Understanding Book Elements: Margins and Page Layout
By Shawn, CreateSpace Graphic Arts Specialist
One of the first things any artist does when making a piece of art is find a canvas. For book designers, this is typically done when a trim size is selected. From there, a designer must define the margins of the book. Inside the margins, all of the different design elements we have talked about in previous articles are then placed, ultimately leading to the creation of a book. But these margins and how the book is set up are not done simply on a whim. There are careful calculations and ingredients that tell a designer where the content for a book needs to go: page size, font size, the genre of book being designed, baking soda, water...okay, maybe not the last two.
But a basic set of principles helps a designer focus his or her efforts on the interior of a book. These principles are called the Canons of Page Construction. Much like other design elements, the roots are based on centuries of skilled craftsmen honing these basic principles until we arrive at what we see today.
While many different theories create the canons, all are built around mathematical principles. And for those of you out there who, like me, may have fallen asleep during algebra class, it might not make sense at first.
Early mathematicians and artists found that there was a kind of optimal ratio to the size of different organic objects in nature. Through several hundred years and many, many candles, they eventually settled on what is referred to as the Golden Ratio.
It is theorized that this 1 to 1.618 ratio and its relationship between two objects is the most pleasing to the human eye. This principle is how humans define "beauty" in other people. To this end, Leonardo da Vinci is famous for his study of the human body, and it was initially thought he used this concept to create the Mona Lisa; however, this fact was never independently proven.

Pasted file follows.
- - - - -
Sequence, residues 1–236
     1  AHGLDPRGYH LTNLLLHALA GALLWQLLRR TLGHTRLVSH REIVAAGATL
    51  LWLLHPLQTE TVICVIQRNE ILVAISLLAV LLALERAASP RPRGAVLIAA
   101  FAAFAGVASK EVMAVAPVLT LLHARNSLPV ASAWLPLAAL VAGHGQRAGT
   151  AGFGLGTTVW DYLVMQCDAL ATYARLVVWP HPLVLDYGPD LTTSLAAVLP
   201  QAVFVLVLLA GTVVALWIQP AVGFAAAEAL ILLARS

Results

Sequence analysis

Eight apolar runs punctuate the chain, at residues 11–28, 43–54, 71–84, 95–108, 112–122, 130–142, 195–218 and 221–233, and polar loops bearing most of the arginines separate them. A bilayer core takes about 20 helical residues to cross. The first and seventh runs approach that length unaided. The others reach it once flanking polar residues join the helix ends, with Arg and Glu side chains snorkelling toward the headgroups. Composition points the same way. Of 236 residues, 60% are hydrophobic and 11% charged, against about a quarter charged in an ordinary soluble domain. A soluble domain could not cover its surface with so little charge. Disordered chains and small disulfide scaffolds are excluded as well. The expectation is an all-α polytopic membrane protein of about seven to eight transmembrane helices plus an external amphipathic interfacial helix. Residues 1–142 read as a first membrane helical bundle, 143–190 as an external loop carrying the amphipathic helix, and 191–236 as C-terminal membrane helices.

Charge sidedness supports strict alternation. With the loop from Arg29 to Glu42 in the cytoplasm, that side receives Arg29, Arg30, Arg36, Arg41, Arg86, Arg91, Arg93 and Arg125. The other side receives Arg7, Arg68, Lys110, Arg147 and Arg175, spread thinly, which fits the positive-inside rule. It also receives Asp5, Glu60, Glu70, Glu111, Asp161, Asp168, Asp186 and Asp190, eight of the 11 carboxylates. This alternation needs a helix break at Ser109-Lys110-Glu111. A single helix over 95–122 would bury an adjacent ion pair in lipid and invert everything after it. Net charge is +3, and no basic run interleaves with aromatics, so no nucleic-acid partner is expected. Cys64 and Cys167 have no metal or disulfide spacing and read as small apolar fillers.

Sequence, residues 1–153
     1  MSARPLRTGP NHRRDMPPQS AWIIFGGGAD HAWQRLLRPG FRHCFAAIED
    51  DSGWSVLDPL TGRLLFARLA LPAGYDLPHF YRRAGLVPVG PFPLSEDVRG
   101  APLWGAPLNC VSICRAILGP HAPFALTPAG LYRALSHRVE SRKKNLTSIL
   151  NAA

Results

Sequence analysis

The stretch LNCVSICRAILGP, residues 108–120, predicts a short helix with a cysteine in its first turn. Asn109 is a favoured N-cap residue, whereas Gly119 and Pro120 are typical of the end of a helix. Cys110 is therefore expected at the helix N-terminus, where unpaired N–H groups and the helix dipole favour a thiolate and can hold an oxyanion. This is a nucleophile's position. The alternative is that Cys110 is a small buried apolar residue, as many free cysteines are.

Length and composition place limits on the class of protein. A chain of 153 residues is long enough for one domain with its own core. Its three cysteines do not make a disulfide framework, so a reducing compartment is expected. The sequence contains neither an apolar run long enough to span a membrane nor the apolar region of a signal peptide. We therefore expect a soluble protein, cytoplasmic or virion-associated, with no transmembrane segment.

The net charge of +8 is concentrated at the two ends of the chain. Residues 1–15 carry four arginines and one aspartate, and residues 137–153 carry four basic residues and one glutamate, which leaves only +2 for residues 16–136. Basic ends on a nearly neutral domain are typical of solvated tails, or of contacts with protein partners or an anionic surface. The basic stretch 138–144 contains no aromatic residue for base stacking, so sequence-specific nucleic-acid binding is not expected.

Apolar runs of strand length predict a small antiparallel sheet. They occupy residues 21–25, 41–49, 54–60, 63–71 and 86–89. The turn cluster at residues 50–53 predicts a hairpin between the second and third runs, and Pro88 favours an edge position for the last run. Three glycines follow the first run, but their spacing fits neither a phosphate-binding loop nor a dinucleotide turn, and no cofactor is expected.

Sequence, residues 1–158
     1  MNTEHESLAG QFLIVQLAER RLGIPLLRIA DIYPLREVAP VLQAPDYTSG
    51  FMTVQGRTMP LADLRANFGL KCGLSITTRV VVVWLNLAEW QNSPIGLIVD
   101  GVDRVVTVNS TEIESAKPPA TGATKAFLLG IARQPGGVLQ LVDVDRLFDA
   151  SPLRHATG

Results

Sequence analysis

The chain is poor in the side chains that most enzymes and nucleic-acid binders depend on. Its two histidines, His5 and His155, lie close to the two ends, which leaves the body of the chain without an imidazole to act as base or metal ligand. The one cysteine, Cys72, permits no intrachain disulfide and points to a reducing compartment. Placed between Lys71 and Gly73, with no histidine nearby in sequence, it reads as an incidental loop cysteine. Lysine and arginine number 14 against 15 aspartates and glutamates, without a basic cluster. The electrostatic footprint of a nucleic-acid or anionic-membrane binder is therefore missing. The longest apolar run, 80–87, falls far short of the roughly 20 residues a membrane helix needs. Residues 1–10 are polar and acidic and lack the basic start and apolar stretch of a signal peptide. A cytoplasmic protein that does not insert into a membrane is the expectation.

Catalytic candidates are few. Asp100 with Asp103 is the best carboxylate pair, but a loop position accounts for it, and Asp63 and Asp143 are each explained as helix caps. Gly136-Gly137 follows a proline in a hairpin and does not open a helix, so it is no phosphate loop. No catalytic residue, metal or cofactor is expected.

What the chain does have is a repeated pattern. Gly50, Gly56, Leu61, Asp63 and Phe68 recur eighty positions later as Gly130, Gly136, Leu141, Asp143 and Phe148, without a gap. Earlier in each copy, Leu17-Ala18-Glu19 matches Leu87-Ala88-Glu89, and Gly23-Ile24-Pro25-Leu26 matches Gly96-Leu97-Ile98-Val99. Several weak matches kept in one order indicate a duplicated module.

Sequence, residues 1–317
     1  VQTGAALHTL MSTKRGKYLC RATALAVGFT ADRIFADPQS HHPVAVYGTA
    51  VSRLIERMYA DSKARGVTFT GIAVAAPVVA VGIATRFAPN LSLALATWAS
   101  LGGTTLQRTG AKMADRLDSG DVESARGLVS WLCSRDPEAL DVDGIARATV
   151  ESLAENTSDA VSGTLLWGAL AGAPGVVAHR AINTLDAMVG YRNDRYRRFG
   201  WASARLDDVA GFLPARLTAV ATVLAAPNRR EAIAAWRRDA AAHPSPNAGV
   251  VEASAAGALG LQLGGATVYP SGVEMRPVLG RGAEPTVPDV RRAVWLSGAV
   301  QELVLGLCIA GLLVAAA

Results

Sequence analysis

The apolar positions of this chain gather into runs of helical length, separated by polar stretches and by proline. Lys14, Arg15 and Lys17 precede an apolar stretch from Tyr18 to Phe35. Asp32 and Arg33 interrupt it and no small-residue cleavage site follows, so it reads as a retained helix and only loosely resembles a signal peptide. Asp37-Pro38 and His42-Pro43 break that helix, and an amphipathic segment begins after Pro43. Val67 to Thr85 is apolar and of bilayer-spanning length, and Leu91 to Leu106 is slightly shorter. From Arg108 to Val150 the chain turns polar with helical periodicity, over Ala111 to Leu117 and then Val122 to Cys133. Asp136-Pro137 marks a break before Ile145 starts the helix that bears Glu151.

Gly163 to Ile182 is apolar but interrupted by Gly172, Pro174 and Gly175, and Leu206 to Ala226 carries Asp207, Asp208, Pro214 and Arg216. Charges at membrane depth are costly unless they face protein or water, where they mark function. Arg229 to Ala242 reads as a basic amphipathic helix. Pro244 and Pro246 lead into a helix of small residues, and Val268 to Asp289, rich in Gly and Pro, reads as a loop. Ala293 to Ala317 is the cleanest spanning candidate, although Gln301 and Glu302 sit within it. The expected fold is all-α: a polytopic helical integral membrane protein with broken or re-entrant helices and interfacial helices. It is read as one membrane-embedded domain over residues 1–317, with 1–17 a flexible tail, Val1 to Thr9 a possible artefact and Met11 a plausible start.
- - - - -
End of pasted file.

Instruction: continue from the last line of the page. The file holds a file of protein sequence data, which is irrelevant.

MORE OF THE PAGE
However accurate, these theories have been almost universally accepted throughout the world since they were developed. The influences of this discovery and its effects on design overall could be its own article. Your TV, post cards, architecture, etc. all follow the base theory of the Golden Ratio.
But book publishers and printers, much like myself, didn't really care for complex math. I would venture to guess they also preferred sleep over algebra class, because they wanted to work with easier ratios when making books. They theorized that a ratio of 1 to 1.5 or 2 to 3 would actually create the most pleasing page. This thought took off with like-minded printers everywhere, and now we have been left with the basic book trim sizes in use today.